There's a radiative equilibrium photosphere on the bottom, a hot corona on the top, and various transition regions in between the radiation-dominated photosphere and the mechanically-heated corona. After the temperature minimum, we get the chromosphere, at 10,000 degrees, which is a very thick, about ten pressure scale heights, and then the thin transition zone at 100,000 degrees that is conductively heated. That is, the corona cools itself off by radiating energy to space, and also by conductive heat back to the upper part of the chromosphere. This is the conventional picture of the plane-parallel, one-dimensional, stratified, solar atmosphere.

Over the past several decades, this picture has been elaborated into more or less the following. We still have the photosphere at the bottom, but the major change is that the chromosphere has now been replaced by two very distinct kinds of layers. There's a cool layer, whose temperature gets as low as 3500 degrees, maybe lower, that has been deduced by observations in the infrared of molecules like CO. Penetrating this layer are flux tubes, vary narrow at the bottom, but spreading with altitude, until the magnetic field occupies most of the volume of the atmosphere. At this point, they make sort of a magnetic canopy. These magnetic flux ropes carry mechanical energy that heats the atmosphere inside the tubes to relatively high temperatures. So you have this chromospheric-temperature gas inside the tubes, running through a much lower-temperature ``inter-tube medium.''

Now, running up through these layers are sound waves that form shocks right about at the point where the magnetic canopy sets in. These acoustic shocks heat the gas to very high temperatures, and you get lots of little flashes in the solar atmosphere from these events. Then, up in the upper atmosphere, rising out of the network fields that Karen showed very nicely are various kinds of exoatmospheric magnetic loops that are at a whole variety of temperatures. So we replace this thin, nicely-defined transition zone of the classical view with all these loops, ranging from 10,000 degrees in prominences to 100,000 degrees in transition-zone temperature loops, up to truly coronal loops. These loops interact and give rise to an additional class of explosive events, magnetic in character rather than acoustic.

Now, I'd like to show one last picture, which shows what some of these things actually look like, and it's really much too difficult to explain. I just think it's kind of pretty.

FIGURE 2. This is a ``space/time diagram'' for the 1321 Angstrom far-ultraviolet continuum, from a sequence of 350 1-minute exposures (5h50m total duration), obtained with the SUMER UV spectrometer on the SOHO satellite. The 1''-wide slit (which has a length of 300'', oriented N/S) was placed +700'' W of the central meridian, with the center of the slit on the solar equator. Owing to the Sun's rotation, the surface drifts westward across the slit at a rate of one slit width per 10 minutes. Thus, the long ``drift scan'' encodes information concerning not only few-minute lifetime transient events, but also long-lived surface features of significant spatial size.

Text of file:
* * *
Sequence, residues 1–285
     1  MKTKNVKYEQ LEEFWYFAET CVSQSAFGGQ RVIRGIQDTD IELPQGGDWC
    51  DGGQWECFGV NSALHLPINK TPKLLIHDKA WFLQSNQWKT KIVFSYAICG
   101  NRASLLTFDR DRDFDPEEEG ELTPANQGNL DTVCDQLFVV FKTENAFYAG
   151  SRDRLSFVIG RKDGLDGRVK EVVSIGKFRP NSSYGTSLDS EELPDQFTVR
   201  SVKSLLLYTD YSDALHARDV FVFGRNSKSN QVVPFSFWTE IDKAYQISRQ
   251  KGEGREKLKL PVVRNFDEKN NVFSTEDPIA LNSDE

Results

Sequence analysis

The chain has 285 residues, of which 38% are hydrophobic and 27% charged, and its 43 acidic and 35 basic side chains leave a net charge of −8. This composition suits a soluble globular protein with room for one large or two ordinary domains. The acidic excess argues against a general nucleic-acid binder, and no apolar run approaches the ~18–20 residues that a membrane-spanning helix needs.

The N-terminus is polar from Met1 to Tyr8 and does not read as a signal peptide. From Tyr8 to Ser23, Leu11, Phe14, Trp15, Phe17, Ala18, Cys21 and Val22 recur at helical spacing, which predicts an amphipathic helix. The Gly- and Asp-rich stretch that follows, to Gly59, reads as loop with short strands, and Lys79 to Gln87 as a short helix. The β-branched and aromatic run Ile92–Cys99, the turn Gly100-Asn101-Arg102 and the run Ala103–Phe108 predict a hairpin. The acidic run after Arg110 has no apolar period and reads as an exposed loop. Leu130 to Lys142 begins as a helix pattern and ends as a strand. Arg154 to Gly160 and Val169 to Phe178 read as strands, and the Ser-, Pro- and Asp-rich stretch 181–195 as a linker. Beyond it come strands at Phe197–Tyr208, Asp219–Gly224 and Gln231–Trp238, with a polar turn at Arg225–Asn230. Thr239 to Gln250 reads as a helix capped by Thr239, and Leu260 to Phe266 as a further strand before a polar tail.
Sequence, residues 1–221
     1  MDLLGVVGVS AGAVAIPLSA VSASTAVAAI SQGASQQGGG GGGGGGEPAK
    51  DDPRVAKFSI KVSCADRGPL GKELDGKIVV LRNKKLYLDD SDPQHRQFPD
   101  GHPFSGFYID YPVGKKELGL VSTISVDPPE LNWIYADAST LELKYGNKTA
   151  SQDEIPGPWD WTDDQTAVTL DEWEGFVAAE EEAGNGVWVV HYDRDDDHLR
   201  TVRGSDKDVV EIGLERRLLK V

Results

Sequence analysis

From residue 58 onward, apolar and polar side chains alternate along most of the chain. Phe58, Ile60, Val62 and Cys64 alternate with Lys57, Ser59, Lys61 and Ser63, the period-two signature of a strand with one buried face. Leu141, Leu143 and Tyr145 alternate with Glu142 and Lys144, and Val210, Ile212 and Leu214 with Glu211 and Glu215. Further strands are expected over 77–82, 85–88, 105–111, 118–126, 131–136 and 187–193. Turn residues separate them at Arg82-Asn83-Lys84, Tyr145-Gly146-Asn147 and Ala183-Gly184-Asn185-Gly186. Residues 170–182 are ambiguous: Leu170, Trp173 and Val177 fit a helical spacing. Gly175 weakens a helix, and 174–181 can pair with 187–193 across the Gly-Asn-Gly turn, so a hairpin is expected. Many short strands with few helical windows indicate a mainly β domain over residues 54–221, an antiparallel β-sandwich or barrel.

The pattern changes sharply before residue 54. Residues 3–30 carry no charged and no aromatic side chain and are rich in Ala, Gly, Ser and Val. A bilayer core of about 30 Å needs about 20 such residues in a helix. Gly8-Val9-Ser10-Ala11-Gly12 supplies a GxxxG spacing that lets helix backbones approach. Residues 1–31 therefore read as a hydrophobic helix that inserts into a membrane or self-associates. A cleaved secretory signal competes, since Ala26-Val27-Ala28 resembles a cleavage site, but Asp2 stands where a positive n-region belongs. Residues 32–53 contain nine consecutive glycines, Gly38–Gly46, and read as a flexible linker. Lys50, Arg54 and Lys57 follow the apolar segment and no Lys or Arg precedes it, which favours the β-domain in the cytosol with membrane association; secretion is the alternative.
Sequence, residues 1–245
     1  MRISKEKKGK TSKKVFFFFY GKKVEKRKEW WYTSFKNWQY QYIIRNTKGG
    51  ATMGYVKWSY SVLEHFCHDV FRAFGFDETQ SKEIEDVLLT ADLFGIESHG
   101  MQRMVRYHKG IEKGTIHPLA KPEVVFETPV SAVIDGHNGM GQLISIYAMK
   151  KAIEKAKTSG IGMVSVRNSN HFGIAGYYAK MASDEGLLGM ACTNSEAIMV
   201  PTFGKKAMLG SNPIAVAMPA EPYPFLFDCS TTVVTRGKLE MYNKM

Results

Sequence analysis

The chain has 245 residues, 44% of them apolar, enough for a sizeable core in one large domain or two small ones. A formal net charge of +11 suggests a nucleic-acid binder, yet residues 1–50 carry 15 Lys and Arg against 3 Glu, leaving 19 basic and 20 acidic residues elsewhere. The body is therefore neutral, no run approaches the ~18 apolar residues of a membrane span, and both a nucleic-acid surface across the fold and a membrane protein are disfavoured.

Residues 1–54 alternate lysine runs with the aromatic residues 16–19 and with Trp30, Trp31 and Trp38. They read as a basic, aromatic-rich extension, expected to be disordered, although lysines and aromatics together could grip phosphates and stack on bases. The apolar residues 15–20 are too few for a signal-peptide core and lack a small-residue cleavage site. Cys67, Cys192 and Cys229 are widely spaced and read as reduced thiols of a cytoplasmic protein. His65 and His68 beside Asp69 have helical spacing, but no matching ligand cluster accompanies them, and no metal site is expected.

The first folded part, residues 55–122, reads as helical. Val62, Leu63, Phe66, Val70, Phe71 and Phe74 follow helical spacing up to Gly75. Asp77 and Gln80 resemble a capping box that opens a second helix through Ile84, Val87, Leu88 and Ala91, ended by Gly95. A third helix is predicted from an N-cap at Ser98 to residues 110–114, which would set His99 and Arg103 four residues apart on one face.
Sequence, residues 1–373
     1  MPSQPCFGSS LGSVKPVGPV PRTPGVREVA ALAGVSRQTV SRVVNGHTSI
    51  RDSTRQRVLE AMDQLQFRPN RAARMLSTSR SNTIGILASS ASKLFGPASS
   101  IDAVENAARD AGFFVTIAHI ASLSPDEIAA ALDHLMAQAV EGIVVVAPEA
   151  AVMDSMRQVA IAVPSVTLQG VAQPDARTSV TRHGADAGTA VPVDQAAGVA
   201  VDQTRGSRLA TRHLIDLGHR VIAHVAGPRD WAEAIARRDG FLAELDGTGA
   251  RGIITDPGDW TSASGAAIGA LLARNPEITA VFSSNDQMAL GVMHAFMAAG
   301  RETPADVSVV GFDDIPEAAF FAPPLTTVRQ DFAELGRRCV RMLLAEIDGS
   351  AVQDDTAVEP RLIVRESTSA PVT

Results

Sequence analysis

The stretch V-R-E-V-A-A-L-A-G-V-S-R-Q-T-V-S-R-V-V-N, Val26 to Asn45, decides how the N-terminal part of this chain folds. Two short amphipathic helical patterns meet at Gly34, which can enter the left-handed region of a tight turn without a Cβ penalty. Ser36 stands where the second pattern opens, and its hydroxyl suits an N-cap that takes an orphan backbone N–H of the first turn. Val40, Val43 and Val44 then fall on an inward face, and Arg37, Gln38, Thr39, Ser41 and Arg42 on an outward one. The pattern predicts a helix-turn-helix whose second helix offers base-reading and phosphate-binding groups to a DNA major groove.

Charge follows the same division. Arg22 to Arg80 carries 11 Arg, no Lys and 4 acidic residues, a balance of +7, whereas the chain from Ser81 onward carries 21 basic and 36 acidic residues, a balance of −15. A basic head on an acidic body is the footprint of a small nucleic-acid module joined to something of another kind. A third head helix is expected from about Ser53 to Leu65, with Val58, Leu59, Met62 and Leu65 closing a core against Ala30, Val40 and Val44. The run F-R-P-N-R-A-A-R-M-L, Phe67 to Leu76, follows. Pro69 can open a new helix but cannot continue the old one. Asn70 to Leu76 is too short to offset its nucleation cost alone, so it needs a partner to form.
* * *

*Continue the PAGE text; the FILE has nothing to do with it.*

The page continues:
The lefthand frame depicts the result of concatenating the individual 1'' x 300'' continuum intensity traces. The grey scale is linear over the intensity range from 30% (light shading) of the sample median to 300% (dark shading). (In the color version, the 30% level is yellow, intermediate intensities are red, and the 300% level is blue.)

The image is peppered with short vertical streaks representing transient brightenings, and horizontally-elongated features representing long-lived bright structures of significant E/W spatial extent. The central frame is a spatial map of persistent features obtained by filtering the space/time diagram to suppress the short-lived intensity fluctuations. The depiction is reversed with respect to normal convention, with W to the left and E to the right (to maintain proper orientation with respect to the space/time diagram).

The righthand panel illustrates masks derived from high-frequency and low-frequency filterings of the space/time diagram, emphasizing the upper portions of the respective intensity histograms. The blue areas indicate stable surface features, probably mostly active magnetic fragments of the supergranulation ``network.'' The lighter streaks, narrow along the time axis, mark the brightest of the transient events. Most of the rapid brightenings at this level of the atmosphere undoubtedly are related to the short-lived points seen in Ca K2v filtergrams and CN 3883 Angstrom pictures, and are thought to represent acoustic waves `breaking' at the base of the magnetic canopy.

In closing, what I'd like to leave you with is that the Sun is a very complicated star. In our efforts to learn about these structures that are dominated by the magnetic field, but also by acoustic disturbances, it is of enormous importance to look at the Sun, which is its own best twin, but there are many advantages in looking at other stars as well. Thus the need for solar analogs.